If you are buying your next home, you may be considering converting your existing home into a rental or second home. The lender on your new home will have different requirements depending on what type of financing you’re obtaining. [Read more…]
One of my favorite blogs to follow, Get Rich Slowly, recently published Reader Stories: I bought a duplex to save money on rent. The author of the post describes how he used an FHA mortgage to buy a duplex and with renting out the unit he was not living in, he wound up paying less for his housing than when he was renting.
This is my first “book release”…okay… it’s an “electronic book” or what I refer to as a “guide book”. I plan on writing several books on mortgage related topics. This book happens to be about buying your first investment property.
Although the book is focused on first time home buyers, the information also applies to investors who are buying their second or third investment property.
Watch for more topics to follow soon! You can find this and other slide books at the Mortgage Porter Library.
EDITORS NOTE: This post was written in 2013. FHA loan limits have changed as well as the interest rates posted below. Please see the bottom of this web page for current FHA loan limits. If I can provide you with a current rate quote for your home in Washington, please click here.
If you are considering buying a duplex, triplex or fourplex and you’re going to live in one of the units, FHA is a possible mortgage option.
There is a lot of interest in the FHA streamlined refinance since HUD has greatly reduced the mortgage insurance premiums for some home owners who originated their existing FHA mortgage May 2009 and earlier. FHA streamlined refinances are designed to reduce mortgage payments and borrowers are not allowed to take “cash out” or pay off existing helocs or second mortgages. In order to qualify for an FHA streamlined refiance, the borrower must have made at least six payments on the FHA loan and needs to be current with the mortgage. Here are a few tips on FHA streamlined refinances I thought I’d share with you.
No appraisal required. If you opt to not have an appraisal, then your new loan amount may not exceed your current loan amount. This means that your closing cost and prepaids/reserves cannot be financed (upfront mortgage insurance is still allowed to be rolled into the loan). Closing cost and prepaids/reserves may be paid for with interest rate rebate credit or cash at closing. If you opt to have an appraisal, then your loan amount may be increased.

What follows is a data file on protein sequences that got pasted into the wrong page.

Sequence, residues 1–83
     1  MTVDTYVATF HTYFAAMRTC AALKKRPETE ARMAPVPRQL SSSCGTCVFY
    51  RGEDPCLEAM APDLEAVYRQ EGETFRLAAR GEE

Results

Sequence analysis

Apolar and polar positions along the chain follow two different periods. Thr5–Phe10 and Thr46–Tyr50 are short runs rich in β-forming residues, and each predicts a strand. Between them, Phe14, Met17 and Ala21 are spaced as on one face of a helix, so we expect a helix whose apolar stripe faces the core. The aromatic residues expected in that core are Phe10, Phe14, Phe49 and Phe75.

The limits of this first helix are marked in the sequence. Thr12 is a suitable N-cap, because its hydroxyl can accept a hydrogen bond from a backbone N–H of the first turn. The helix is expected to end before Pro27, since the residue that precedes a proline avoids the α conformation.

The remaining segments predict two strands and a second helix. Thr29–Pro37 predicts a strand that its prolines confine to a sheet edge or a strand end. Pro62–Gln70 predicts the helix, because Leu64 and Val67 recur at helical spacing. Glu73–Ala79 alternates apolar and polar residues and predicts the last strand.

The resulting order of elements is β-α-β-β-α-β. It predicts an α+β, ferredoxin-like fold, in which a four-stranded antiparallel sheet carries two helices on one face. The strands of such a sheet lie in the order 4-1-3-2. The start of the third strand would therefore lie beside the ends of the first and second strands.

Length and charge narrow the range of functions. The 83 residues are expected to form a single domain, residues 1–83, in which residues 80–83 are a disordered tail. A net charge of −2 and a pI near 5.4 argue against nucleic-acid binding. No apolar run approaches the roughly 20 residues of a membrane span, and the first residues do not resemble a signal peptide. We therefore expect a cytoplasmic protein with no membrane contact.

Credit qualifying vs non credit qualifying. FHA streamline refi’s may not require verification of your income or assets (non-credit qualifying). Did you know that you may qualify for improved pricing if you opt for a credit qualifying FHA streamlined refi? Pricing varies throughout the day and when I’m locking an FHA streamlined refi for a Washington area homeowner, if pricing is the same, I’ll opt for non-credit qualifying. However if pricing is improved for a credit qualifying streamlined refinance, I’ll advise my client of the pricing differences and let them decide which route they prefer.
Underwriting overlays. Although HUDs guidelines might state something different, the banks and lenders we work with allow us to help home owners who have a low-mid credit score of 640 or higher. If your credit score is below 640, you may want to consider working directly with your bank.
Net tangible benefit. HUD requires that the loan “makes sense” and that is defined as a reduction in your mortgage payment (principal, interest and mortgage insurance) of at least 5%. It may also mean refinancing your FHA ARM into an FHA fixed rate product. Unfortunately, if you’re refinancing an FHA 30 year to a FHA 15 year fixed rate product, and your payment does not go down by 5%, you will not meet the current “net tangible benefit” requirement – even if you’re doing a “credit qualifying” FHA streamlined refinance and fully disclosing your income. This is something HUD needs to correct, in my opinion.
Reduced mortgage insurance premiums. HUD has announced reduced mortgage insurance premiums (both annual and upfront) for FHA loans that were endorsed (insured) by HUD prior to June 1, 2009. FHA loans are endorsed by HUD after closing – sometimes several weeks after closing so it’s possible your FHA mortgage closed in May of 2009 and not endorsed until after the cut-off date.
Credit of your existing upfront mortgage insurance premium (UFMIP). If your existing FHA insured mortgage was originated over the past three years, it may not quaify for qualify for the reduced mortgage insurance, however, you probably will receive a refund of a portion of the original UFMIP. The refund is credited towards the closing cost of your new FHA loan and ranges from 80% to 10% of the original UFMIP by the 36th month.
FHA streamlined refinances are available for non-owner occupied homes too! If you have a home that has been converted to a rental property and the underlying mortgage is FHA, it’s eligible for an FHA streamlined refinance as long as the owner occupied it for a least 12 months. With a non-onwer occupied FHA streamlined refinance, it must be done without an appriasal so no closing cost may be financed (except the upfront MIP).
If you are interested in refinancing your existing FHA insured mortgage on a home located anywhere in Washington, I’m happy to help you. I’ve been originating FHA home loans at Mortgage Master Service Corporation since April 2000, where we have in house FHA underwriters at our main office in King County. Click here for your FHA rate quote.